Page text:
Tony Horton is the creator of the best-selling workout program P90X. His routine doesn’t just shape your body but he also transforms lives. In his new book The Big Picture, Horton gives readers eleven rules that will change their lives. Horton is able to show how your physical health is linked to your mental, financial and family health. Beliefnet sat down with Horton and asked him the questions that everyone wants to know.
What inspires you to keep researching and developing new routines?
Just like with technology, the science of exercise, fitness, and health are constantly evolving. People rush out to buy the latest smartphone, but for some reason they’re training like it's 1956. That doesn’t make any sense to me! I like to stay ahead of the fitness curve with the most modern techniques available, so that I can continue to improve and help other people improve too.
In your book you discuss the “why and why not?” list. Can you describe this method to our readers and why do you believe this tool helps people with their health journey?
Sure. Sometimes in life we need to change our patterns and habits. We come to realize that we need to get serious about exercise, eating right, ending a toxic relationship, finding a new job, or getting our backside off the couch on a Saturday afternoon. If you’re challenged by that thought, a great way to motivate yourself is to make two lists. The first one contains reasons why you should make a change. That’s the “why” list. The second one contains reasons why you shouldn’t. That’s the “why not” list.
After writing both, it’s going to be pretty apparent what you need to do. For most folks the why not list doesn’t win out very often. Whereas the why list always leads to a more interesting, powerful, energetic, and productive life.
For those that are coming into their own with developing and scheduling nutrition plans can you give some advice on how they can develop a foundation so they won't fail or fall fast?
I cover this, exact topic extensively in my book The Big Picture, mostly in Law 10: Stay Flexible and Law 4: Variety is the Spice of Everything.
Your diet plan shouldn't be a set of mandates filled with restrictions. Be open to eating all types of healthy foods. It’s important that you enjoy what you’re eating—so don't revert back to some old plan just because it helped you lose weight in high school. Notice when your tastes change, because they will. Notice when your activity levels change so that you can increase or reduce your calorie intake.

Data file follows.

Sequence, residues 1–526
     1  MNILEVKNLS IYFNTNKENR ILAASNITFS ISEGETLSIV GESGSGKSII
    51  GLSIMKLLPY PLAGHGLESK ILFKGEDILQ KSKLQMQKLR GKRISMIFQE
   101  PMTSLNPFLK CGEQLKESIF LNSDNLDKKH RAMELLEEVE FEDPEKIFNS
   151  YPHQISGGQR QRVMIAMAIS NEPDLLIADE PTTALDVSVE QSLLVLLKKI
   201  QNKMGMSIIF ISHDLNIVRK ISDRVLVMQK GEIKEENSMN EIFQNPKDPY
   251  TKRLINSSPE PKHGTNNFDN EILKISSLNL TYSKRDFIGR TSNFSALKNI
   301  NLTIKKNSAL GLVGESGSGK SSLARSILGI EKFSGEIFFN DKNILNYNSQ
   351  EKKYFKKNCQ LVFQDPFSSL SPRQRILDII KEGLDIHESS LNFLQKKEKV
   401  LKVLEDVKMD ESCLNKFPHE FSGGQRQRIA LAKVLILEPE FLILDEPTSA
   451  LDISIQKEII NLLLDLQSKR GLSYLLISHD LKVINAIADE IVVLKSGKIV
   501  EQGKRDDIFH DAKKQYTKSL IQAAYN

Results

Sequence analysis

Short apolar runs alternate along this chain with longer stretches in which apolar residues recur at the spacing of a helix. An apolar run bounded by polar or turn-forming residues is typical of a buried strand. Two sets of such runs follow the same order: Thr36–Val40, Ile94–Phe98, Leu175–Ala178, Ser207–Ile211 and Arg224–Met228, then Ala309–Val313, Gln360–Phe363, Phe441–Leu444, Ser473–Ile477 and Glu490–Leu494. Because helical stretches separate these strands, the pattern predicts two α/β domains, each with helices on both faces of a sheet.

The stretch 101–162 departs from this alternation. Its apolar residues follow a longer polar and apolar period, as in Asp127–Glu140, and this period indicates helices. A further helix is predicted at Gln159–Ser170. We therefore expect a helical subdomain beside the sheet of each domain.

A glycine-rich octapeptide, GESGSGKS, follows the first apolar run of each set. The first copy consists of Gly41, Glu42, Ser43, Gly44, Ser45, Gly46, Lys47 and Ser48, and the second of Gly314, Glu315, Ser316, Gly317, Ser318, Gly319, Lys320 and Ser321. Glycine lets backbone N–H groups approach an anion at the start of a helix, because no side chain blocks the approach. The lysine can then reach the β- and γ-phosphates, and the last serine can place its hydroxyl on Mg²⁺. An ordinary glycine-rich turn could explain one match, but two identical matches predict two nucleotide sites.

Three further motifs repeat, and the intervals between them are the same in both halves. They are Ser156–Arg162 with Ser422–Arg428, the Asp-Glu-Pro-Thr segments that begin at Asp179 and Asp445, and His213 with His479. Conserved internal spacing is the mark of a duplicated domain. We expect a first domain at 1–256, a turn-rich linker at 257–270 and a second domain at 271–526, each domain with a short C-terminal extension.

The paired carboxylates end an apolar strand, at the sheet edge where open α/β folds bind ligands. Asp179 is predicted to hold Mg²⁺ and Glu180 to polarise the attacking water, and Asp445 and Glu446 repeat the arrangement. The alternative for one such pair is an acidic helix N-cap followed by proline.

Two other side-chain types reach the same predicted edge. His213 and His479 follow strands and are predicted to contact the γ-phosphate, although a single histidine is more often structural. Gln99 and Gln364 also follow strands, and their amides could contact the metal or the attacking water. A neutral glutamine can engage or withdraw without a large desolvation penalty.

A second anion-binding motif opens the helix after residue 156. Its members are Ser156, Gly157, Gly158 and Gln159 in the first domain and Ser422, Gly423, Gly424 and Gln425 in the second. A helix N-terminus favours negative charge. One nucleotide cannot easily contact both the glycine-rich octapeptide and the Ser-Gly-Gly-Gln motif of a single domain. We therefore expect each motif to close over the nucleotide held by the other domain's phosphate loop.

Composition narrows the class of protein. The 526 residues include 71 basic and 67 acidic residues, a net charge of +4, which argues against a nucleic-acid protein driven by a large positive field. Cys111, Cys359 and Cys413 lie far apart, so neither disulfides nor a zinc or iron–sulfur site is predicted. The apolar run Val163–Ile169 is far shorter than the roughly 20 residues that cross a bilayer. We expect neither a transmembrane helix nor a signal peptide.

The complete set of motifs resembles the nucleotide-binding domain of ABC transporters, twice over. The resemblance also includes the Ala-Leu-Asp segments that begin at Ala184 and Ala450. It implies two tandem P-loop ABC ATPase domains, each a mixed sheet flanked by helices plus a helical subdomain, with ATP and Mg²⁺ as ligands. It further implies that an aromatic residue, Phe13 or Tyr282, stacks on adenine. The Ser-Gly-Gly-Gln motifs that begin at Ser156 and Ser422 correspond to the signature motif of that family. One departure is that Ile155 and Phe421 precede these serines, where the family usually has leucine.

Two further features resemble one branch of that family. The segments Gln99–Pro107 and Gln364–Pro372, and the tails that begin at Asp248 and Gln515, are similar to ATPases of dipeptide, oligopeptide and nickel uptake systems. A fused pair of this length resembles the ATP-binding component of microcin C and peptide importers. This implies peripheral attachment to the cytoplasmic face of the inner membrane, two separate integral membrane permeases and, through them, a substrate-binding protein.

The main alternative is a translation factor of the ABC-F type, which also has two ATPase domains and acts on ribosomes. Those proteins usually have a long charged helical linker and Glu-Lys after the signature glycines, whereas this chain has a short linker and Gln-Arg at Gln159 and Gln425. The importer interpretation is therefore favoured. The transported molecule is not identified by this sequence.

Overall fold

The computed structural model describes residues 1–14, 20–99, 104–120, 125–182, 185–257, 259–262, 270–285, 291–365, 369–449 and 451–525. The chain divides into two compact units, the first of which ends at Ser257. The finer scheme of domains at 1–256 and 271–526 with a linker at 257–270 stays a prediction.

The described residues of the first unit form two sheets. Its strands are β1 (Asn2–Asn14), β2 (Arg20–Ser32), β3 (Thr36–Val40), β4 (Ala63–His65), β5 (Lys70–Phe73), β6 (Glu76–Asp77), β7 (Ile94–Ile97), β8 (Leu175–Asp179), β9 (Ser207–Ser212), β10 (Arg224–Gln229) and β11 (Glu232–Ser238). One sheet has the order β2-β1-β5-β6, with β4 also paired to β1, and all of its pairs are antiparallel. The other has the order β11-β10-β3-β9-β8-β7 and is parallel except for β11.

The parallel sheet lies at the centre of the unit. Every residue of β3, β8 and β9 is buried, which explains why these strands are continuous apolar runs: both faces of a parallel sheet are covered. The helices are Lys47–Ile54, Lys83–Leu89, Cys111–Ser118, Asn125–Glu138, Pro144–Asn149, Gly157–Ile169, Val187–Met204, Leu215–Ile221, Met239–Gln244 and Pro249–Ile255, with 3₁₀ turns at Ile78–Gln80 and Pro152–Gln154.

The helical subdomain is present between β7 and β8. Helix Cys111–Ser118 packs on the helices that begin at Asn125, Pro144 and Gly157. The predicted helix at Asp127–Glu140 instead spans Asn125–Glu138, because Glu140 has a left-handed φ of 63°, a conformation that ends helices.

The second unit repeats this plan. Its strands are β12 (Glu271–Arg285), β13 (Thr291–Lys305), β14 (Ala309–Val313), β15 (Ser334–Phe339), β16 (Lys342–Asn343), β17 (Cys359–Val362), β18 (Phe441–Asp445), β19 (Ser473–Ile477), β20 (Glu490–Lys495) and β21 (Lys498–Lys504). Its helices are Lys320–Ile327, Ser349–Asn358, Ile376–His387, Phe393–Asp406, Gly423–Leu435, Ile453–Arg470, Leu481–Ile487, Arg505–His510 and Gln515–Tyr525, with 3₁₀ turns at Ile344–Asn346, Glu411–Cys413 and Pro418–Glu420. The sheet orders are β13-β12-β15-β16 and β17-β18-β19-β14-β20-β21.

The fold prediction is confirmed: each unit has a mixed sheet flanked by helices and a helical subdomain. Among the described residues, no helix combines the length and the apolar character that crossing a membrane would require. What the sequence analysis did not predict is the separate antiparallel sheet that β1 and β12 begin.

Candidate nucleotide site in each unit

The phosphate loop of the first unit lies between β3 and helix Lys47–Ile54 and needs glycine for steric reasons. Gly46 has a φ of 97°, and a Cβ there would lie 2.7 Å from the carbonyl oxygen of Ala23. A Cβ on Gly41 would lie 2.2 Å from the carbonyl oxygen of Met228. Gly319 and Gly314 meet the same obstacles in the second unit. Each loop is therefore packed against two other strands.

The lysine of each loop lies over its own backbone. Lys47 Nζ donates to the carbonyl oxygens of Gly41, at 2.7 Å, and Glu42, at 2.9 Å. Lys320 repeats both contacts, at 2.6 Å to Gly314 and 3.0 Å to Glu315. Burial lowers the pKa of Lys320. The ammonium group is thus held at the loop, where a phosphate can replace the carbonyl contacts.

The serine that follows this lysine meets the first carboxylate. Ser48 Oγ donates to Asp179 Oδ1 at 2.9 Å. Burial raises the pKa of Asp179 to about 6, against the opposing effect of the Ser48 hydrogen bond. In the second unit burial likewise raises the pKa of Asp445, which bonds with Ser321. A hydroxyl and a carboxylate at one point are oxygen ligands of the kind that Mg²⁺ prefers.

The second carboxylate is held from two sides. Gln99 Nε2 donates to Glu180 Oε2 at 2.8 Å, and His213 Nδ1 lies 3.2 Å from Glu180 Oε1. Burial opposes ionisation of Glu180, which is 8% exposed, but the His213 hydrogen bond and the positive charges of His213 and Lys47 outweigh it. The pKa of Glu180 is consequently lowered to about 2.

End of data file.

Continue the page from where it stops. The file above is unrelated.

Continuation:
My diet has changed over the years but one thing has stayed true -- whether I was eating a vegan breakfast, Paleo lunch or Italian dinner -- I made sure my plate was filled with whole, healthy foods.
How important is variety in the kitchen?
Like I said, it’s important to love what you're eating. Variety plays a big role in that. Speaking for myself, I love Italian, Indian, Greek, Mexican, vegan, vegetarian, Paleolithic and sushi. (Not all at once, of course.) Variety is the spice of everything, including how you eat.
There’s also the nutritional aspect. A variety of foods means a variety of nutrients. Kale is awesome—but if that’s the only veggie you eat, you’re denying yourself all the other vitamins, minerals, and phytonutrients you’ll find in carrots, bell peppers, cauliflower, and so on.
The plan really comes together with the right spices and sauces. Too many people can't stick to their healthy diets because, let’s face it, most of those veggies I mentioned are not very flavorful on their own. So buy yourself a spice rack and fill it. Learn how to put together a few healthy sauces. It completely changes the texture and flavor of bland healthy food.
Why is consistency in the kitchen so important?
It's important because it's the key to losing weight, staving off disease, having more energy, and improving brain function. Your body and brain can't function properly on the fat, sugar, salt and chemicals you'll find in most processed food. We spend more time and energy taking care of our cars and pets than we do the one God given gift we get -- our body and brain.
Some people get overwhelmed by the intensity of P90X. What advice or words of wisdom can you offer them to help them stay motivated?
That's why I made 10-Minute Trainer and P90X3 (which is only 30 minutes)--for people who feel like P90X is too much.
But here’s a little secret. P90X doesn't have to be extreme. The modifications are there. I tell you to take it easy, slow down, or pick a lighter weight. You get multiple options. Don’t try to compete with the folks on screen. Just do your best and forget the rest.